The timing of the operation is affected by other factors, such as the blockade Israel has imposed on Gaza, cutting off electricity, water and fuel. Collective punishment is a war crime lawyers have pointed out, and such a siege cannot be maintained indefinitely.
Politicians have also argued that the offensive needs to take place while there is still international support and sympathy for Israel over the Hamas carnage. They have noted pro-Palestinian demonstrations growing as images of deaths in Gaza are spread across the world.
Time is now a matter of life and death for the people of Gaza. The Israeli government had given a 24-hour deadline for people in the north of Gaza to evacuate to the south, a mass move of an estimated 1.1 million people inside a sliver of land, just 42km (26 miles) long and 12km (7.5 miles) at its widest.
Gaza wars in the past have shown that it is nearly impossible to avoid civilian casualties when airstrikes are launched in the territory. More than 70 were killed in an Israeli airstrike on a convoy leaving Gaza City, say Palestinian health officials.
Videos of bodies show that many of the dead were women and children; some are said to be as young as two years old. The convoy, a flatbed truck and cars, was travelling on Salah-al-Din Street, one of the two evacuation routes to the south.
Ibrahim and Amneh Shehadeh and their three young children had set off for the south but returned home as news emerged of the convoy bombing. They resumed the journey because the alternative was too awful to contemplate.
Ibrahim said “my cousin Jawad was badly wounded by a bomb two days ago. We have seen what has already happened to parts of Gaza. Areas we have visited just last week have disappeared. I just cannot see how one would survive an invasion”.
Ibrahim, a 33-year-old science graduate, has been unemployed for the last five years. He could not see what will be left of the territory’s already highly fragile economy after a ground war.
Amneh, 28, stressed however “at least we have some chance of staying alive in the south. We have a duty to bring up our children”.
Some residents have decided to stay despite the danger. Yusuf and Mariam Zaaroub and their family of nine had already moved from Beit Hamoun in the north to Gaza City after the fighting started. Their daughter Leyla said “my father and mother are both in their 80s and unwell. They can hardly walk. They have found a place to stay and say they are too ill and tired to go any further. We are trying to persuade them to come, but time is running out”, they warn.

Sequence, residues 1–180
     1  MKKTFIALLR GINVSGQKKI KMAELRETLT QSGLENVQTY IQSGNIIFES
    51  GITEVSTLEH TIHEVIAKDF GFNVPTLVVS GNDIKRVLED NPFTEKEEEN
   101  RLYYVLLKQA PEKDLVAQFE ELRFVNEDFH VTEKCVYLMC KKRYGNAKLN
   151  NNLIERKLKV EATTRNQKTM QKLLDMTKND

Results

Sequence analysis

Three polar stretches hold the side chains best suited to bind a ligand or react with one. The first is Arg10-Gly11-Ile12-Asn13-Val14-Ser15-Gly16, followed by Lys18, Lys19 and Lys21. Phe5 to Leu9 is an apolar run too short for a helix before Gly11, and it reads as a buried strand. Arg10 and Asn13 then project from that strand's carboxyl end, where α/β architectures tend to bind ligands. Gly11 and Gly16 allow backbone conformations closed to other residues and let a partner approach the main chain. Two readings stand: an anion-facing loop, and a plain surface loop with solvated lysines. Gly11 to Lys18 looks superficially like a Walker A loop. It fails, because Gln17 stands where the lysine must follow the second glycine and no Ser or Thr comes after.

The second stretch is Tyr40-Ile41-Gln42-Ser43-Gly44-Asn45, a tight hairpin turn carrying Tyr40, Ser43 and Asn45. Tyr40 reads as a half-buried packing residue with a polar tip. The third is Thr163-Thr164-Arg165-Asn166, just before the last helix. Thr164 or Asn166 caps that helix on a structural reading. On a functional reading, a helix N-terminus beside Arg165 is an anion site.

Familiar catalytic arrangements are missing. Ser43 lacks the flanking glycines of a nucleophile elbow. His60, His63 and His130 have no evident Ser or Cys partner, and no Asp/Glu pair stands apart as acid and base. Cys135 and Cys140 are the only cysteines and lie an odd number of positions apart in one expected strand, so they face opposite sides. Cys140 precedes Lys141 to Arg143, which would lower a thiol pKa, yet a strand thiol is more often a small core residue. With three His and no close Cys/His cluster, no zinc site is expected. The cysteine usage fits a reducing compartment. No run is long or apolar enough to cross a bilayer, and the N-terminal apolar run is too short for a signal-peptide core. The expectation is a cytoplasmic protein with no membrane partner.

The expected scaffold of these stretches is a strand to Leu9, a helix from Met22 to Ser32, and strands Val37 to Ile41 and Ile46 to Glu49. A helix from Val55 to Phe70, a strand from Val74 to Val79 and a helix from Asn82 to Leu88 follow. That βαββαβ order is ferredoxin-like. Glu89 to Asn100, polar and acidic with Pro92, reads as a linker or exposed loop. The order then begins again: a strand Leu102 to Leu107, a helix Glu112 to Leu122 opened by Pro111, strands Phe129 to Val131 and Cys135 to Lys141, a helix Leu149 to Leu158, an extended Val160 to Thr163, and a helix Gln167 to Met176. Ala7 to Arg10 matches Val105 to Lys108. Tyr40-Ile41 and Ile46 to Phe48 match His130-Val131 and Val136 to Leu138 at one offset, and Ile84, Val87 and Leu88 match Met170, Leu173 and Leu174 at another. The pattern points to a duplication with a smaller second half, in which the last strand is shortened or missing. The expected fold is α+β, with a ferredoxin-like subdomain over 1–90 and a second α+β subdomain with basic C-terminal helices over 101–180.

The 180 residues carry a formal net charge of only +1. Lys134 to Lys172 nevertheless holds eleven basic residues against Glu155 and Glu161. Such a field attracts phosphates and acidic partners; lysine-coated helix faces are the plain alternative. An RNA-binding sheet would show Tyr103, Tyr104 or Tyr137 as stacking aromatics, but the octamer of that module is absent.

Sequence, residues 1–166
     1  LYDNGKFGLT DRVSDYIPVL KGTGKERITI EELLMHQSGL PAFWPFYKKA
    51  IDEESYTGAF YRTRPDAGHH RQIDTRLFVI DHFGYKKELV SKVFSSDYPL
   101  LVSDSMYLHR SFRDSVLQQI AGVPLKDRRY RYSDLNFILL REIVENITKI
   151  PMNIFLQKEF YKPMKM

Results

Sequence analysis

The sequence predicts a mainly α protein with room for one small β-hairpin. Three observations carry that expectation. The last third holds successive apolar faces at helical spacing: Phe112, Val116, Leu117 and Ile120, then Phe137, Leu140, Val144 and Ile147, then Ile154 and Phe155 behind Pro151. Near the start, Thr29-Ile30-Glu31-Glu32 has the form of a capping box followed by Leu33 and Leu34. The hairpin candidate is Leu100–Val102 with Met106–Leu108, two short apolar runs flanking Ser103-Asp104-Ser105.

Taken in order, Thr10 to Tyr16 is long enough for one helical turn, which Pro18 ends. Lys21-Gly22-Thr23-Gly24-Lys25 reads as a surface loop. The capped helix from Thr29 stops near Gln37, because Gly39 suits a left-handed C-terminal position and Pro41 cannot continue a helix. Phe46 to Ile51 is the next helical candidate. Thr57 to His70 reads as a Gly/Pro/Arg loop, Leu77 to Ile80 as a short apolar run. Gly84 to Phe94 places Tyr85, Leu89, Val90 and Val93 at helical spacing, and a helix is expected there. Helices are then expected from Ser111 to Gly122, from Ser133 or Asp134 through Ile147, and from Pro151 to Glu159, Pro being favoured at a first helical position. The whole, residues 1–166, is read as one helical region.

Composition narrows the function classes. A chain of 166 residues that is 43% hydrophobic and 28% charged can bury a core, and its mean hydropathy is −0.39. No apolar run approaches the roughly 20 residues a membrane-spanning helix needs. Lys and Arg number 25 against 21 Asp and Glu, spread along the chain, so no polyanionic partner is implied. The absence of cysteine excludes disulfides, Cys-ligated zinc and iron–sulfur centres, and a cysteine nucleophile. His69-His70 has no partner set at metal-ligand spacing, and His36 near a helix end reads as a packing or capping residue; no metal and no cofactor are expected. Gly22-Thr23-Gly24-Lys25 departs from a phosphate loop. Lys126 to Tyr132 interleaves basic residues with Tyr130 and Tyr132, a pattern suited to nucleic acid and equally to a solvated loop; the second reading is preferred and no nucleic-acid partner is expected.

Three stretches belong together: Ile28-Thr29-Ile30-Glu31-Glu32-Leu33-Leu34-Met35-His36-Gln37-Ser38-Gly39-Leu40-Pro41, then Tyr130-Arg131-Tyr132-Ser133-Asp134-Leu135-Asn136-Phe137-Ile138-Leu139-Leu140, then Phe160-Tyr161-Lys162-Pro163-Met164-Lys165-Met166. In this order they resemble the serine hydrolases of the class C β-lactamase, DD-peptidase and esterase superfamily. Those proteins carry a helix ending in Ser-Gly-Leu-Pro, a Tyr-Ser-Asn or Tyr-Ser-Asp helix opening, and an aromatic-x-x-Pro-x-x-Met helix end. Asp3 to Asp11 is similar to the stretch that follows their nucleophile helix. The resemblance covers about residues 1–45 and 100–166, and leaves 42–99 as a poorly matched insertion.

The Israeli government has asked hospitals in Gaza City to evacuate. Medics have been working with the injured being brought in with a dwindling power supply and medicine. The courtyard of the main hospital, Al Shifa, is filled with dead bodies as the morgue cannot hold any more. The bodies in the morgue, staff point out, will start to decompose as further power cuts take place. Dr Muhammed Abu Salmia, the director, said he and his staff were facing an “impossible situation”.
It remains unclear if the hospitals will be able to evacuate. A number of doctors have said that they wanted to stay with their patients as they simply have nowhere else in the territory to treat them.
One well-known surgeon, Midhat Saidam, a plastic and burn specialist, was killed in an airstrike along with some of his family, it was reported.
The coming conflict will probably lead to a more deadly conflict than the 2014 Gaza War in which more than 2,205 Palestinians were killed, including 1,483 civilians, according to the UN, along with 71 Israelis, 66 of them soldiers, in 50 days of fighting.
While Israeli forces gather at the border, 40,000 Hamas fighters are reported to be waiting in Gaza. A video was issued of some of them with Israeli children kidnapped with their families.
The overwhelming fear, in the gathering darkness, is that more innocent lives will be lost in the terrible bloodshed which is going to come.